LIVE from Renton: The May 2016 King County Democrats Endorsement Meeting

Good evening from Renton. Tonight, the King County Democrats are meeting to consider taking endorsement action in a number of contests, most of which will be decided by voters this August and September. This post will offer a running chronology of the meeting proceedings, including endorsement votes.

Note that the threshold for endorsement of the King County Democrats is a two-thirds vote of those present and voting.

  • 7:16 PM: We started on time at 7 PM and proceeded through the Pledge of Allegiance, adoption of the meeting agenda, adoption of meeting minutes, and adoption of endorsement ground rules. We are now hearing the preliminary committee report from Endorsements Chair Randy Gordon.
  • 8 PM: We are currently working on the slate. Executive board members have the opportunity to pull races from the slate, but there must be at least four seconds to pull a race for individual consideration. Races that have been pulled:
  • 8:04 PM: We are now voting on the slate.
  • 8:06 PM: We have adopted the slate by a vote of sixty-two to nothing. The following candidates have now been endorsed by the King County Democrats:
    • U.S. Representative, 1st Congressional District: Suzan DelBene
    • U.S. Representative, 9th Congressional District: Adam Smith
    • State Auditor: Jeff Sprung
    • State House, 11th Legislative District, Position #1: Zack Hudgins
    • State House, 11th Legislative District, Position #2: Steve Bergquist
    • State Senate, 11th Legislative District: Bob Hasegawa
    • State House, 33rd Legislative District, Position #1: Tina Orwall
    • State House, 33rd Legislative District, Position #2: Mia Su-Ling Gregerson
    • State House, 34th Legislative District, Position #1: Eileen Cody
    • State House, 34th Legislative District, Position #2: Joe Fitzgibbon
    • State House, 37th Legislative District, Position #1: Sharon Tomiko Santos
    • State House, 37th Legislative District, Position #2: Eric Pettigrew
    • State House, 39th Legislative District, Position #1: Linda Wright
    • State House, 39th Legislative District, Position #2: Ronda Metcalf
    • State House, 46th Legislative District, Position #1: Gerry Pollet
    • State House, 46th Legislative District, Position #2: Jessyn Farrell
    • State House, 47th Legislative District, Position #2: Pat Sullivan
    • State House, 48th Legislative District, Position #1: Patty Kuderer
    • State House, 48th Legislative District, Position #2: Joan McBride
    • King County Superior Court, Position #26: David Keenan
    • King County Superior Court, Position #33: Steven Rosen
    • King County Superior Court, Position #52: Anthony Gipe
    • King County District Court, Southwest, Position #3: Laurel Gibson
    • King County District Court, West, Position #1: Lisa Paglisotti
    • King County District Court, West, Position #4: Greg Hirakawa
  • 8:08 PM: We are first considering U.S. Representative, 7th Congressional District. This is a race in which the Endorsements Committee has made no recommendation. Any motions to endorse will have to come from the floor.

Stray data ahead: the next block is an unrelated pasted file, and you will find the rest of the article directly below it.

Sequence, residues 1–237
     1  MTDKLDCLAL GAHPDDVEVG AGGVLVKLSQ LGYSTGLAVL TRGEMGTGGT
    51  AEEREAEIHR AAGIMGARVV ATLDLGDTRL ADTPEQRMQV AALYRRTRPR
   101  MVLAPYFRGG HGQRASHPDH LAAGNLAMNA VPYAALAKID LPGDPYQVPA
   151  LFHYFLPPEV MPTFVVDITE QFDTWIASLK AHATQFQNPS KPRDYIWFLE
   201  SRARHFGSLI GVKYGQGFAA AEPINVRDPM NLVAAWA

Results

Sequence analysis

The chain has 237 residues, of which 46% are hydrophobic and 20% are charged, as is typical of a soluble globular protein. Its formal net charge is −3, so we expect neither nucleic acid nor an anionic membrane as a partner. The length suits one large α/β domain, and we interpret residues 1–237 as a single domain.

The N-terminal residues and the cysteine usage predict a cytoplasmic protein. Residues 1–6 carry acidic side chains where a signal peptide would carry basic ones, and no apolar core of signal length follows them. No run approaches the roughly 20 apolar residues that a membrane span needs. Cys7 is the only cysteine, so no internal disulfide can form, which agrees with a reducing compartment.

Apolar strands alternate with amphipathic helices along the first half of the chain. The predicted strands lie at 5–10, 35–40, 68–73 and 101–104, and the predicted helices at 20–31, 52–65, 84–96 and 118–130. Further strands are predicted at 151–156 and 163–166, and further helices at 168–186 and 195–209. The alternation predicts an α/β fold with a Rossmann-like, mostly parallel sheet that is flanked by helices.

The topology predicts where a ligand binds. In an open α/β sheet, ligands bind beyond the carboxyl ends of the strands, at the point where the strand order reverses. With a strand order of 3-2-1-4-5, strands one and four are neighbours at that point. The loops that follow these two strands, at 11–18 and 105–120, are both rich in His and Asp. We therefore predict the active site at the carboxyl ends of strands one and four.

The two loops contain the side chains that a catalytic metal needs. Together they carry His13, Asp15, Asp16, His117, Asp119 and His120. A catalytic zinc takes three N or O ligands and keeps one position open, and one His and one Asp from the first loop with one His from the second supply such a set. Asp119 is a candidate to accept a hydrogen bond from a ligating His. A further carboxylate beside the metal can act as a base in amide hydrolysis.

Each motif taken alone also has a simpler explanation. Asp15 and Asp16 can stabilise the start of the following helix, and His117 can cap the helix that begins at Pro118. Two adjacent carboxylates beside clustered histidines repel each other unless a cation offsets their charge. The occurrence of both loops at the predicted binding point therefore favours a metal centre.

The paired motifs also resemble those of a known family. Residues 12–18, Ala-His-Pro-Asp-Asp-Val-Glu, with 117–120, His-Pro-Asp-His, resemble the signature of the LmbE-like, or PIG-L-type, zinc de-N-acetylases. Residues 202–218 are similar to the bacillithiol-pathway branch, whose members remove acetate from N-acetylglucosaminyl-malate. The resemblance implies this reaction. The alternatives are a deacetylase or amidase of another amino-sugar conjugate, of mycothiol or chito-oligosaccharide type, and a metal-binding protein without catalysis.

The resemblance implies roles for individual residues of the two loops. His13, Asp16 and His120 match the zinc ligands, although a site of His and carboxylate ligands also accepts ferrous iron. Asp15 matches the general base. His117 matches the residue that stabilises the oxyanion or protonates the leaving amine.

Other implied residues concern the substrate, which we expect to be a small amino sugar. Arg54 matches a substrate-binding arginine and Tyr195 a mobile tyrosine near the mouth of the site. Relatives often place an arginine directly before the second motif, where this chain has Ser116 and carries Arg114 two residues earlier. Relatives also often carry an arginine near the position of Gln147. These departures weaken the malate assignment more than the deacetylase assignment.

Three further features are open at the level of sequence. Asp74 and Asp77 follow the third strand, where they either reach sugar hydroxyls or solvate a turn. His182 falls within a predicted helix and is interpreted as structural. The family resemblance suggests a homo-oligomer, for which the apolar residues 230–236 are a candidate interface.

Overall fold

• A motion was made from the floor to consider endorsing Brady Walkinshaw. This failed by a vote of twenty-four to thirty.
    • A motion was then made from the floor to endorse Pramila Jayapal. This passed by a vote of forty to nineteen.
    • A motion was then made from the floor to endorse Joe McDermott. This failed by a vote of seventeen to twenty-eight.
  • 8:30 PM: We have moved on to U.S. Representative, 8th Congressional District.
    • We first considered the recommendation by the Endorsements Committee. Fifty-two members of the executive board voted to endorse Santiago Ramos, with two opposed. He is endorsed.
    • We then considered a motion from the floor to endorse Alida Skold. By a vote of seventeen to twenty-six, the endorsement motion failed.
  • 8:33 PM: We have moved on to Lieutenant Governor. This is a race in which the Endorsements Committee has made no recommendation. Any motions to endorse will have to come from the floor.
    • A motion was made from the floor to consider endorsing Cyrus Habib. This passed by a vote of fifty-two to four.
    • A motion was made from the floor to consider endorsing Karen Fraser. This failed by a vote of thirty to sixteen.
    • A motion was made from the floor to consider endorsing Steve Hobbs. This failed due to a lack of seconds.
  • 8:44 PM: We have moved on to State Treasurer.
    • We first considered the recommendation by the Endorsements Committee. Forty-five members of the executive board voted to endorse John Paul Comerford, with three opposed. He is endorsed.
    • A motion was made from the floor to consider endorsing Alec Fisken. This failed by a vote of ten to thirty-one.
  • 8:50 PM: We have moved on to Commissioner of Public Lands.
    • We first considered the recommendation by the Endorsements Committee. Forty-two members of the executive board voted to endorse Hilary Franz, with one opposed. She is endorsed.